75 Years After Pakistan’s Independence, Minority Nationalities Still Feel Marginalized


In its 75th year of independence, maybe it is time for Pakistan’s leaders and state to redress the grievances of all of Pakistan’s citizens – not just the elite few. All of Pakistan’s nationalities and ethnic minorities – Baloch, Pashtun, Seraiki, Sindhi, Muhajir – deserve to have their grievances looked into. It may also be time to re-examine the need to create smaller provinces so that the demands of all nationalities and ethnic minorities are looked into.

The devastating floods that have hit Pakistan right now have brought to the fore the long-standing grievances of the Seraiki people and South Punjab. A new fact-finding report of the Human Rights Commission of Pakistan (HRCP), titled ‘South Punjab: Excluded, Exploited,’ underscores the continued vulnerability of women to harmful customary practices, the forced conversions of Hindu communities, the poor working conditions of industrial workers and bonded labourers, and allegations of unfair land allotment in Cholistan—including to the military—at the expense of local communities.

In a statement the HRCP noted the disappointing role played by local and federal government in facilitating and rescuing flood victims. “HRCP is gravely concerned that volunteers and NGOs that have come forward to help in disaster-hit areas are being obstructed by the administration, instead of facilitating their efforts. The current situation has exposed the neglect that the Seraiki waseb has long suffered. HRCP has identified these areas of neglect, which are directly responsible for continued violations of the Seraiki people’s political, economic and social rights.” This reinforces the need to address grievances of all nationalities and ethnic minorities.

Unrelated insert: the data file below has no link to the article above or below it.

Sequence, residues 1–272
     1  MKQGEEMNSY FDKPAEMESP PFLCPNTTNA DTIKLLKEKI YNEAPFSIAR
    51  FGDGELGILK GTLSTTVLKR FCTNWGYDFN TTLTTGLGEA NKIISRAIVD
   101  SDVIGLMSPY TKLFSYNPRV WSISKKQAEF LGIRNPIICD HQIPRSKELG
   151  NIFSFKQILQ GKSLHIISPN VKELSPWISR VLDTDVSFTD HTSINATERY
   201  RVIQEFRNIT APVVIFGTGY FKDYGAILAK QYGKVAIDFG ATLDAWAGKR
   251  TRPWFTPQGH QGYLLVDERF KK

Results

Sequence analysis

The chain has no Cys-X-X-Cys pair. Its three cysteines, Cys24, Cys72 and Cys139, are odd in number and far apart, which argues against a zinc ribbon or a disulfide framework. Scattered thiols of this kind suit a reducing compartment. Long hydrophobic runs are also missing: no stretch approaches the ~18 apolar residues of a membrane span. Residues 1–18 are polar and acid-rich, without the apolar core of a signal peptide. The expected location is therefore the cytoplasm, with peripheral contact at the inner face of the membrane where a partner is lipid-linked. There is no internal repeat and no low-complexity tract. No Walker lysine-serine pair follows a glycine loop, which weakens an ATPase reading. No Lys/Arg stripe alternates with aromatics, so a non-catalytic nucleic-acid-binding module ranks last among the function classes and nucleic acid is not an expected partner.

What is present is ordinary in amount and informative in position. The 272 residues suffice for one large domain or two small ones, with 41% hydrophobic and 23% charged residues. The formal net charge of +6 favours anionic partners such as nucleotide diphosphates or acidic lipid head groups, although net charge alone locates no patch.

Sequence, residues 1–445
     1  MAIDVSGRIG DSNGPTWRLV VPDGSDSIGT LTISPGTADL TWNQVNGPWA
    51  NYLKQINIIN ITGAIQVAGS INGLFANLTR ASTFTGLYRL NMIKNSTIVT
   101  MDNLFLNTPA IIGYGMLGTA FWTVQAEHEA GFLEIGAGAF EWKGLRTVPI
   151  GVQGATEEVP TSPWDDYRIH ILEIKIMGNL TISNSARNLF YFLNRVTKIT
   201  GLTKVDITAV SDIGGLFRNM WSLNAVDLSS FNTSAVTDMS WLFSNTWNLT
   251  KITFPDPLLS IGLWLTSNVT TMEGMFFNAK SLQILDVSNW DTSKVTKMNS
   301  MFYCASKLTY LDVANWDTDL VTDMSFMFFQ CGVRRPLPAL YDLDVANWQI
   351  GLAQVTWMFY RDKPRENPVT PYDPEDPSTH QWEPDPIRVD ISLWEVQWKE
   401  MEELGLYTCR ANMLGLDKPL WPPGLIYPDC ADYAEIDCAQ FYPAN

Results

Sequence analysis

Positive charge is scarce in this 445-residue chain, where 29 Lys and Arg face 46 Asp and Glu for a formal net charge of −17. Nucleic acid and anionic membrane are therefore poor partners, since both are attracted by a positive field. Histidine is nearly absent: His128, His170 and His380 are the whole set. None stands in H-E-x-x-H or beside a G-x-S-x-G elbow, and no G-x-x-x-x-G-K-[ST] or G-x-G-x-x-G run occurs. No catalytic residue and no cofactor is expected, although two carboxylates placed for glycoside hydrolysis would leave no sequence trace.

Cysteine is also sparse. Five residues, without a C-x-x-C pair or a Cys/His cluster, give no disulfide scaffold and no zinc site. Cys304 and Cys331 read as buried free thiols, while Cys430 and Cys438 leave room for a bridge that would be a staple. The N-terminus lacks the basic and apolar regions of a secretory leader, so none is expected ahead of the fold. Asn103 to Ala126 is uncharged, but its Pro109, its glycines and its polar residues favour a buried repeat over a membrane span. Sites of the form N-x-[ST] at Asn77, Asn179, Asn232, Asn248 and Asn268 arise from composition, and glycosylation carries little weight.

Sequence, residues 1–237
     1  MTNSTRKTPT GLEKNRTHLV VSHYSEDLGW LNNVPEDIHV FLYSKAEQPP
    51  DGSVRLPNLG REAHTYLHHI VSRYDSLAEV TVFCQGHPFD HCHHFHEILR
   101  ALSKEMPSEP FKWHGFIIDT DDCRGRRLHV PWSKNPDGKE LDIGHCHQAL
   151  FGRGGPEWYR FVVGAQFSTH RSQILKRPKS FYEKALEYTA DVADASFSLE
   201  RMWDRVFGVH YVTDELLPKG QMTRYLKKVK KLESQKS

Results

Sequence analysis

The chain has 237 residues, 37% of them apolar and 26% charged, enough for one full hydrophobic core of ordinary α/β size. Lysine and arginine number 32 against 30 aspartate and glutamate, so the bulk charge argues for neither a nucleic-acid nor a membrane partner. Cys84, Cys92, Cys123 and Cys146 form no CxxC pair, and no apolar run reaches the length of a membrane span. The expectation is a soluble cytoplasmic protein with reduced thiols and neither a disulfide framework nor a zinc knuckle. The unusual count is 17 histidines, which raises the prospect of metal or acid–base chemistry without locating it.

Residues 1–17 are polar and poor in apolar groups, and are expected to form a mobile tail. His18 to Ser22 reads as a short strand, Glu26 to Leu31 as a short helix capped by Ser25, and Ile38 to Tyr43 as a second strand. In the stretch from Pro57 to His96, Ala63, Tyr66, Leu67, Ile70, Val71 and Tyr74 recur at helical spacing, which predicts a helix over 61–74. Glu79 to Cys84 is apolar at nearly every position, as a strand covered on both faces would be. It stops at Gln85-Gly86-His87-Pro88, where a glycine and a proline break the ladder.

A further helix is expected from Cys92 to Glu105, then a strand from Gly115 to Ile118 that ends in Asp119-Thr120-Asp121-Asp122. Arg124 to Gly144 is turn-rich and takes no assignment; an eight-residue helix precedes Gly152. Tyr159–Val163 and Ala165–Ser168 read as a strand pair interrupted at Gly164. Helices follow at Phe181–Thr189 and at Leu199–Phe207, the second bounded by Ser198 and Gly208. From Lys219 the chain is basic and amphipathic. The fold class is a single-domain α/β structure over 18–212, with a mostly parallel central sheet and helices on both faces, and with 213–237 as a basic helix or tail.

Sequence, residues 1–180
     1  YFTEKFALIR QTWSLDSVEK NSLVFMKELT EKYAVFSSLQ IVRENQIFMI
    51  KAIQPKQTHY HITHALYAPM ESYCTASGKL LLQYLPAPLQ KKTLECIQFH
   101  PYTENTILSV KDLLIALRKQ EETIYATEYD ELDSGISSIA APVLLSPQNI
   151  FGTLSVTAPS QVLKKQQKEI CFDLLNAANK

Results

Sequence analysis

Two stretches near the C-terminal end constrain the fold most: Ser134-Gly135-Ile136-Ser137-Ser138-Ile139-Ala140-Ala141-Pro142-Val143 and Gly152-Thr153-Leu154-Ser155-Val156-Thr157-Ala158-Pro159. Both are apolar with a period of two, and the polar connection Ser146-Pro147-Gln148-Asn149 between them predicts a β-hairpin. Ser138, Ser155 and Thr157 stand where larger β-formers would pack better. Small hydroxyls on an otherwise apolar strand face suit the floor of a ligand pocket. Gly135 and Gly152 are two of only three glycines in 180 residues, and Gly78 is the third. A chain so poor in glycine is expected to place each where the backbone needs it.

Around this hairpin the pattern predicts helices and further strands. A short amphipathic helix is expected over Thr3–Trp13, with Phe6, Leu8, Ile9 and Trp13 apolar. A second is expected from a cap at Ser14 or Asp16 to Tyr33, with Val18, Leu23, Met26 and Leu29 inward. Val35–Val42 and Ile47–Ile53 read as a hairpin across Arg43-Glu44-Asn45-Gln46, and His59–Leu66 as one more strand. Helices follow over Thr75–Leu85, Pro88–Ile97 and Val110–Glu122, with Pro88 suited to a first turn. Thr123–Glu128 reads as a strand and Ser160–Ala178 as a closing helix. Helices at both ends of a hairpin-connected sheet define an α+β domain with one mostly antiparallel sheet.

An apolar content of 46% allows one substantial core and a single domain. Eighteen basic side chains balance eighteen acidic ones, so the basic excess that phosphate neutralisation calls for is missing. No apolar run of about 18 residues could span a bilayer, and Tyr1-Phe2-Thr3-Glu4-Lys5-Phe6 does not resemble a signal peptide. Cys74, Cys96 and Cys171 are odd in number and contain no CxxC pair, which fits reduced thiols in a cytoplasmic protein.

The HRCP report “recommends that federal and provincial stakeholders initiate a political dialogue to recognise the Seraiki identity and ensure access to formal and effective policing systems to improve law and order. The state must also institute mechanisms to provide redressal to survivors of gender-based violence and discrimination, such as forced conversion and forced marriage, and protect the rights of transgender persons in South Punjab.”

The HRCP also urged all stakeholders “to work together and take swift measures” to alleviate the concerns of all nationalities and ethnic minorities.


Author: Muhammad Butt